Tuesday, November 06, 2007

Mapping out the past

It is a cold, gold, old time of year as autumn readies itself for winter. Trees which flared like brands plunged into the earth, have lost their claim to flame; embered leaves, dead and dusty now, tumbling over their roots while grey hawthorn hedges twist and turn in the low slung sunshine thrown splendid across the fields. I thought: "I live in the country. I'll go for a walk."

I have a copy of a map from 200 years ago, the fields named: Wheat Riggs, Bottle Banks, Gin Quarter, Old Cow Pasture, Kings Chambers. Wells and a windmill, limestone quarries where once men gouged out the land, all etched in ink. I like history on the page or on the ground. I thought: "I shall walk around Barley Close to the pool where marsh grasses grow and deer drink and once there was a ford." I walked down the winding lane and over the rough ground edging the new sown crop, the land sliding out to the horizoned Cheviot hills, till I found the blue green pool water, bullrushes and reeds swaying in the picked up hurly burly wind. I walked around the pool, its leaf beach empty of deer, slender grey trees and dead nettles guarding the privacy of a lost and ancient Britain. My way blocked, I scrambled onto a lichen painted fencepost to better clear the strung out barbed wire. I paused, considered, jumped; my ankle turned on the rutted ground and I thought: "You just cannot trust the countryside." I limped slowly back to the cottage and the present. I think I may have sprained my ankle.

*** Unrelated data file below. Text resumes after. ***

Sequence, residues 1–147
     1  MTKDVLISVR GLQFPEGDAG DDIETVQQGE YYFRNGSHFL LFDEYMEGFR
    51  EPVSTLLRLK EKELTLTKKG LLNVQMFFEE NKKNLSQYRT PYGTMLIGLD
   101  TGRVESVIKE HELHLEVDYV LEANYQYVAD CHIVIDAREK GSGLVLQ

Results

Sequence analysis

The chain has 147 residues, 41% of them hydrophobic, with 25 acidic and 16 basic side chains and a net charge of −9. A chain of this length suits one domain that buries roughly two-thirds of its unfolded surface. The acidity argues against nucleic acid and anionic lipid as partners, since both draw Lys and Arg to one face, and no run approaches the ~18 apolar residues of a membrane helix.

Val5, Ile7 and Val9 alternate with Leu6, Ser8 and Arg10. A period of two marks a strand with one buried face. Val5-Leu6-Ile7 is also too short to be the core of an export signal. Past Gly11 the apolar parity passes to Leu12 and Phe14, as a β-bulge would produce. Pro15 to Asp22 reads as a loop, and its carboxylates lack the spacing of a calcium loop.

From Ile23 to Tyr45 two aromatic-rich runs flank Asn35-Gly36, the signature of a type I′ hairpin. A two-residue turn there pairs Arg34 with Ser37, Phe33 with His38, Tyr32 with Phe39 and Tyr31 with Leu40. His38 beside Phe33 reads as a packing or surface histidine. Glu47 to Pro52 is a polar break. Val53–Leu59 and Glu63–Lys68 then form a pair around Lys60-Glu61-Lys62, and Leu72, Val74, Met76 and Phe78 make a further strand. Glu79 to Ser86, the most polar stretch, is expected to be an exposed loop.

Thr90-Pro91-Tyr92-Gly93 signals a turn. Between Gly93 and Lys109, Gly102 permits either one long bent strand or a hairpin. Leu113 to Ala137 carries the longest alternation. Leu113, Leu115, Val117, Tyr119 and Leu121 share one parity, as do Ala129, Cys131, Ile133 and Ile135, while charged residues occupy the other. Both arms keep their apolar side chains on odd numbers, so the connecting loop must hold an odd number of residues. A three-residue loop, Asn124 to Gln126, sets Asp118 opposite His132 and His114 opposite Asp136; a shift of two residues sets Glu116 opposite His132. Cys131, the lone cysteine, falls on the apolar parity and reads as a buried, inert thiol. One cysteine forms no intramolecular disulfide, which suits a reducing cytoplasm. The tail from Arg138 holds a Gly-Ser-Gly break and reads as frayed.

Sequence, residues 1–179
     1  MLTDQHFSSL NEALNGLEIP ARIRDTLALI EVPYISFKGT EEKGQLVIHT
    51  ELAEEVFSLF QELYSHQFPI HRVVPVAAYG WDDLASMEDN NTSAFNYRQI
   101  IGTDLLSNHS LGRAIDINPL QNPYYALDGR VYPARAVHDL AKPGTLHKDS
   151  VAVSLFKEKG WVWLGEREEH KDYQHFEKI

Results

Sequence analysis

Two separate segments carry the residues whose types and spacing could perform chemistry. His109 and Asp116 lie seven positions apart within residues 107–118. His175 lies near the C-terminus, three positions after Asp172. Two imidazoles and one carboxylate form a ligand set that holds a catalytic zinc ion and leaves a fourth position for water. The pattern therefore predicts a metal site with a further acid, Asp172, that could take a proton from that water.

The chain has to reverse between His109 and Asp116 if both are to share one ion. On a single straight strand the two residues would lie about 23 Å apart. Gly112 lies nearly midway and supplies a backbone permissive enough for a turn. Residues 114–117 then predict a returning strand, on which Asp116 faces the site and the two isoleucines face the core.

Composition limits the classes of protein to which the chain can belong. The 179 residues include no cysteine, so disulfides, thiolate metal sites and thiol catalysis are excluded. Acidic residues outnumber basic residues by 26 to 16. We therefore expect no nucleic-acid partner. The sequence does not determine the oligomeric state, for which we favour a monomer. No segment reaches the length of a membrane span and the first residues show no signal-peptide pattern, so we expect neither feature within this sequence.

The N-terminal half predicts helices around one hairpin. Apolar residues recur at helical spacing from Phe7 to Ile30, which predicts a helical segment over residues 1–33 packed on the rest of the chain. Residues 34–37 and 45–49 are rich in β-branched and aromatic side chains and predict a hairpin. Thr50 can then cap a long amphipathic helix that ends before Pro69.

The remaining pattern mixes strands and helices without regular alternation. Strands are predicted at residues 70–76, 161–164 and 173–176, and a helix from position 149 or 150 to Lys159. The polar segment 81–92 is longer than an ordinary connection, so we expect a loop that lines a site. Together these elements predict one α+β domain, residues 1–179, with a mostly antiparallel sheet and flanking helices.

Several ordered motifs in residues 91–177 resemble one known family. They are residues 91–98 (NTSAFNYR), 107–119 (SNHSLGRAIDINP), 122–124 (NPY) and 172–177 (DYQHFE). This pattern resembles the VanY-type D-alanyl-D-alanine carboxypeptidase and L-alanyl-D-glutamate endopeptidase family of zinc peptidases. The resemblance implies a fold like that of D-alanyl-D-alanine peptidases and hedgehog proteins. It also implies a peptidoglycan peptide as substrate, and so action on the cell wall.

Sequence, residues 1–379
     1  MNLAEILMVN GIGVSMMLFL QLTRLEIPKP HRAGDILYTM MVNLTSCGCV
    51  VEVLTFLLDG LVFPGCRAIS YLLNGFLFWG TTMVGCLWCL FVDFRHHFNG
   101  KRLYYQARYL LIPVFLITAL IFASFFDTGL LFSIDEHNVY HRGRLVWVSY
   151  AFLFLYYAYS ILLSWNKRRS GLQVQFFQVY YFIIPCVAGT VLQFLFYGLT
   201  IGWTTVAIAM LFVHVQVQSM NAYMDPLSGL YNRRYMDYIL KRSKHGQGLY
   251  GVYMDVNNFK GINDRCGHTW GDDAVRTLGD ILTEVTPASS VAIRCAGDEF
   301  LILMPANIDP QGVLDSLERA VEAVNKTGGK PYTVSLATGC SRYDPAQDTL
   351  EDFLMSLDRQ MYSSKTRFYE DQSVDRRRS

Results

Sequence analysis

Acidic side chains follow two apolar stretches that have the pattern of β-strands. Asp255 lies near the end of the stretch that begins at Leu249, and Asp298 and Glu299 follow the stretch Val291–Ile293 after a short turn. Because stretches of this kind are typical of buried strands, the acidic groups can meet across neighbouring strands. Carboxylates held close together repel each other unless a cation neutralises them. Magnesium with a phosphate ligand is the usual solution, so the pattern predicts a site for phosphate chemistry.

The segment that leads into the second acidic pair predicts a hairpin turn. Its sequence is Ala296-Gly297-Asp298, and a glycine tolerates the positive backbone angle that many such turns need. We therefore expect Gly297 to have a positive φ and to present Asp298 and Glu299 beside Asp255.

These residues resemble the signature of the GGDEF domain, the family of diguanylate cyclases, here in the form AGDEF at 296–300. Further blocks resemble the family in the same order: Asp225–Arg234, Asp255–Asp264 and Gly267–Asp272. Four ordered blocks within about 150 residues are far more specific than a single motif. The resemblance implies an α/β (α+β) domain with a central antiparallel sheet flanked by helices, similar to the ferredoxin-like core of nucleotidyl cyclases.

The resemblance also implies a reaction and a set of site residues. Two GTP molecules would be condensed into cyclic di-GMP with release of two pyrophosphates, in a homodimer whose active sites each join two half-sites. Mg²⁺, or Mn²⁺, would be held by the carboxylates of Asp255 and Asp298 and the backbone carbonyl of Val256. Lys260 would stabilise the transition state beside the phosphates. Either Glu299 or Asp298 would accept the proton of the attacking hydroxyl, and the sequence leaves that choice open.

18 comments:

sunshine said...

As a matter of principle, I do not use the word "hate". Shall I say I intensely dislike autumn. It is like the terminal illness which preceded death. My precious garden turns, overnight, into brown slime. Unless I force bulbs, indoors, I will not see a rooted bloom until May.

We will shovel, snowblow, skid into cement barriers and freeze our bones until the sun returns from the South again.

May April HURRY!!

Stinking Billy said...

Ah, wifey, when you go all poetic my knees weaken. But bottle banks 200 years ago - is nothing new anymore?

@themill said...

Actually SB they were also called bottle tips - well they had to have somewhere to put their enpties in the days before council refuse collections. Find one and you can enjoy a merry day scratching around in the earth finding all sorts of weird and wonderful bottles and glass - if that sort of thing takes your fancy....

@themill said...

...or even empties...

Winchester whisperer said...

In the words of Tolkein (from Dan Hannan's blog)"crimson and rose and ember-glows and flame with a burning tongue, and the scarlet skies of a swift sunrise when the stormy day is young."

menopausaloldbag (MOB) said...

I'm not going to wax lyrical. Suffice to say that I love Autumn. Cold crisp sunny days and the smell of bonfires, coal fires and scented candles burning. The advent calendars will be out soon and it will be the most magical night of the year - Christmas Eve!

Eurodog said...

Please have a look at the last post on my blog.
Thanks. ED

occasional northerner said...